The month of March is internationally observed as Endometriosis Awareness Month. The annual campaign on endometriosis seeks to educate the world about the condition that affects over 150 million women globally.
Endometriosis, often referred to as ‘endo,’ is a condition that is prevalent among women. Women, of all ages and races, are affected by the condition, though much is not known about it.
According to Everyday Health, endometriosis occurs when endometrial-like tissue starts to grow outside of the uterus, causing symptoms like pain, bleeding, and irritation, which can eventually lead to scar tissue developing in the affected areas.
Research shows that some women experience these symptoms from the time they ovulate through to the start of their period — meaning for half of each month they have endometriosis-related pain. While others may experience predominantly period pain, or symptoms like painful sex, excessive bleeding, or infertility.
It’s estimated that 10 to 15 per cent of women of reproductive age struggle with this condition.
If you have been diagnosed with endometriosis, you can relate to the challenges this unbearable condition may pose. However, that doesn’t mean you can’t live a normal life.
Here are five tips to help you or someone you know cope with endometriosis:
1. Maintain a healthy diet
While researchers are still looking at how nutrition may affect endometriosis. Many healthcare practitioners recommend eating foods that may help lessen the pain and inflammation associated with endometriosis.
An anti-inflammatory diet may help ease endometriosis symptoms. This means focusing on a well-rounded diet that includes lots of whole foods, such as fresh fruits and vegetables and lean meats.
Be sure to also include foods high in omega-3 fatty acids in your diet, such as avocados nuts, olive oil, and low-mercury wild fish, as these are linked to reduced inflammation.
In order to maintain a healthy diet that may help your condition you’ll have to nix processed foods and sodas.
2. Stay active
The reality is you may not want to exercise when you’re in pain, but when you feel up to it, it is recommended that you try to move at least 30 minutes a day.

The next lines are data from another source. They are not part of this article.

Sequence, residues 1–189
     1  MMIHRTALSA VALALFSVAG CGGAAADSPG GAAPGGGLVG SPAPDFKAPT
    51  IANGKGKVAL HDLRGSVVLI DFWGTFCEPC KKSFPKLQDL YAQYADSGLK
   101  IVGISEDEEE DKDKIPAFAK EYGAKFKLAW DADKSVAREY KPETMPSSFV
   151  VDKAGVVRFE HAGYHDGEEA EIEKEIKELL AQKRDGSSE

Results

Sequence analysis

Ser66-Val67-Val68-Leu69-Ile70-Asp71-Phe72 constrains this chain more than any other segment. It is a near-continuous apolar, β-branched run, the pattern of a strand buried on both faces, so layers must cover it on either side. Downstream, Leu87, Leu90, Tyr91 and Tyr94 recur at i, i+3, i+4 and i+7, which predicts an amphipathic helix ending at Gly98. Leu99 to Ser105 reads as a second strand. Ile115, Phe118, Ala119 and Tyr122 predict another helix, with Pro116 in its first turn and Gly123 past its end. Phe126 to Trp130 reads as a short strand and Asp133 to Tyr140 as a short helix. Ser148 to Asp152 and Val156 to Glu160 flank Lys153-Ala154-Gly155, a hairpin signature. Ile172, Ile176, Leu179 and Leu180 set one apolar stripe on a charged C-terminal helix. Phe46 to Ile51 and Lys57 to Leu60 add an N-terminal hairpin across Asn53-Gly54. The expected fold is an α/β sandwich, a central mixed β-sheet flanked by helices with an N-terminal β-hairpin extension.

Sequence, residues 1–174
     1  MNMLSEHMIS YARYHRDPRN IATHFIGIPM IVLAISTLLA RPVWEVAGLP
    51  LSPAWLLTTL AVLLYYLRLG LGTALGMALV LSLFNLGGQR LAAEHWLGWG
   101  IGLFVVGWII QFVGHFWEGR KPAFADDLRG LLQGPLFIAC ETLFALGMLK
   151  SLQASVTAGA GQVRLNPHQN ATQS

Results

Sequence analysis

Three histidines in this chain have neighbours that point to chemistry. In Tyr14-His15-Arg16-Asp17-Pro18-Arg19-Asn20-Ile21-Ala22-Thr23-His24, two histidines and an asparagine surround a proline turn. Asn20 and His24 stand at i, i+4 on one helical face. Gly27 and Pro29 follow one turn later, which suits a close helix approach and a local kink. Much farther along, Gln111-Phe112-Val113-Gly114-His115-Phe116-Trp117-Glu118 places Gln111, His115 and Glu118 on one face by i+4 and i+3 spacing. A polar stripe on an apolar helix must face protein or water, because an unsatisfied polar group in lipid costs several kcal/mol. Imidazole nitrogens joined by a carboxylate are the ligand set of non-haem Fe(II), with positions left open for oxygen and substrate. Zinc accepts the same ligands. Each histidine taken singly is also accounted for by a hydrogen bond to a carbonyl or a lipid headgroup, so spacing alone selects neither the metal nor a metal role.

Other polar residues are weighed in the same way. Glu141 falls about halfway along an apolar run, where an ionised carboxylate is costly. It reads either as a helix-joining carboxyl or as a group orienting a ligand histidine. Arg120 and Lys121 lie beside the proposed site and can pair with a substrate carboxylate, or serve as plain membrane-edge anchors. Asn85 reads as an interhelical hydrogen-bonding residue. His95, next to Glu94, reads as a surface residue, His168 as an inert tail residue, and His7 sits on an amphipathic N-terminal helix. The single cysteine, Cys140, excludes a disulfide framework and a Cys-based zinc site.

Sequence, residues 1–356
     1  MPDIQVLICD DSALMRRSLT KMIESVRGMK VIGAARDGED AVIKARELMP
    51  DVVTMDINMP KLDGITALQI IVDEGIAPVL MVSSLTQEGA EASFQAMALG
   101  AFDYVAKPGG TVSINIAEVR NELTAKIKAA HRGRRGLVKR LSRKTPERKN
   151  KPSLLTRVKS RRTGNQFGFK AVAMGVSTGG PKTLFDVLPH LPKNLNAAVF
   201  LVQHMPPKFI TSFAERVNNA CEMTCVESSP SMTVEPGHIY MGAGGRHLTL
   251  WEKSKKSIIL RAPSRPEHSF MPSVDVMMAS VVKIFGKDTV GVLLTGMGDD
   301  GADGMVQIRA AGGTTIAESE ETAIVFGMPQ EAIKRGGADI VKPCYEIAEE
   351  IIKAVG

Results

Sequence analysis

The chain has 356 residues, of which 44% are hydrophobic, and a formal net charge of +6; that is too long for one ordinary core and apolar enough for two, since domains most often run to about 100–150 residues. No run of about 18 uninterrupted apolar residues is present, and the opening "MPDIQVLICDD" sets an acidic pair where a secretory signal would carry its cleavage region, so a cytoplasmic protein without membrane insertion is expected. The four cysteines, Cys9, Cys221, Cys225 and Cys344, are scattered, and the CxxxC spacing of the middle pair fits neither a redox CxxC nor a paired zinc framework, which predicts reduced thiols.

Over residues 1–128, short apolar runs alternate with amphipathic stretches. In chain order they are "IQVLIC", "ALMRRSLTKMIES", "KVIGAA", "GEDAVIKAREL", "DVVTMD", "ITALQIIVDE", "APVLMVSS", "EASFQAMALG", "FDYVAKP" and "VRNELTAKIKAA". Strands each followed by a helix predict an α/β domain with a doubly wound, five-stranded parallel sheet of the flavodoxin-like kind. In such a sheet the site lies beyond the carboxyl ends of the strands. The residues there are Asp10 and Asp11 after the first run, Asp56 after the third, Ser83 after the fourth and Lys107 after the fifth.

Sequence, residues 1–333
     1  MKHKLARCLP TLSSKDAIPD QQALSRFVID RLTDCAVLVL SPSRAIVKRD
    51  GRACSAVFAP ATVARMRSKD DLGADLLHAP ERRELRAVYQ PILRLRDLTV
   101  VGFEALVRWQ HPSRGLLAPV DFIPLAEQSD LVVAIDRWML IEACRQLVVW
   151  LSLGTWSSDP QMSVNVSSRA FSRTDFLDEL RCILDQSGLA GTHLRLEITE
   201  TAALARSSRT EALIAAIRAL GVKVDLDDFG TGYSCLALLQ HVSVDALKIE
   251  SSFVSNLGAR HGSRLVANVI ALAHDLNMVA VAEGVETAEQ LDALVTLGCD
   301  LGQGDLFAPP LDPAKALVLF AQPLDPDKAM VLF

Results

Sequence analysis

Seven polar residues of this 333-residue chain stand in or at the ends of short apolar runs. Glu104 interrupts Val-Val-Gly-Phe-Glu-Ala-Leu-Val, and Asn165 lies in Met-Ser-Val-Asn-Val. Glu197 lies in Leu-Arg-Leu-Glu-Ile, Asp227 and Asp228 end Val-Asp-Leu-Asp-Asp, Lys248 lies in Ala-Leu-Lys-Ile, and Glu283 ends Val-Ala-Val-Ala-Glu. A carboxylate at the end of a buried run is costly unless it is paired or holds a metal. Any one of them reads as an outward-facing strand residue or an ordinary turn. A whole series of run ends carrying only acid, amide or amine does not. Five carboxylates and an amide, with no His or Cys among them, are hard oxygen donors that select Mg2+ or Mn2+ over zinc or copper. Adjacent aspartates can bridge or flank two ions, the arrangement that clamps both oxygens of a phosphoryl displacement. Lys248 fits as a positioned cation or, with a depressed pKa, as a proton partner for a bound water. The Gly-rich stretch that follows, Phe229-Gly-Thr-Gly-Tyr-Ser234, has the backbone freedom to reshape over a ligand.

According to the Saint Louis University School of Medicine, staying active can help reduce ovarian stimulation and estrogen production, which in turn can help relieve endometriosis symptoms.
Also, staying active can release endorphins or feel-good hormones, which can be a natural pain reliever.
Exercising regularly will help with, improving cardiovascular health, maintaining healthy muscles and bones, reducing pain, managing weight, boosting energy levels, lifting mood and helping you to sleep better.
3. Reduce your stress level
Living with pain is draining emotionally as well as physically. It is known that those affected by endometriosis can become overwhelmed.
Despite this, you need to make a conscious effort to guard your mental health. According to research stress is common among women with endometriosis.
With this women with the condition are encouraged to reduce their stress levels by using stress management tools that may help to better manage their symptoms.
You can try reducing your stress by, finding a hobby that you enjoy, reading a book, spending time with family and friends, listening to calming music and trying meditation and breathing techniques.
4. Get a strong support system
While endometriosis can take a toll on your emotional well-being, try not to isolate yourself from others. Instead, seek support from your family and friends or professional help if needed.
You can also join online support groups to connect with others who have endometriosis to swap stories and strategies.
Communicating with those around you can better help them to understand your needs and provide the support you.
5. Try acupuncture
According to Everyday Health, acupuncture may be helpful in combatting pain related to endometriosis or in helping to regulate cycles. In this form of Chinese medicine, a practitioner applies small needles to body parts to help correct imbalances by increasing blood flow to those areas.
For women with endometriosis, this often means getting acupuncture needles in the pelvic area and lower abdomen to help ease symptoms like cramps.
Living with endometriosis can be a constant struggle. However, these tips may help you find effective ways to cope and to best manage your symptoms. By prioritizing taking care of your overall health, you can feel better.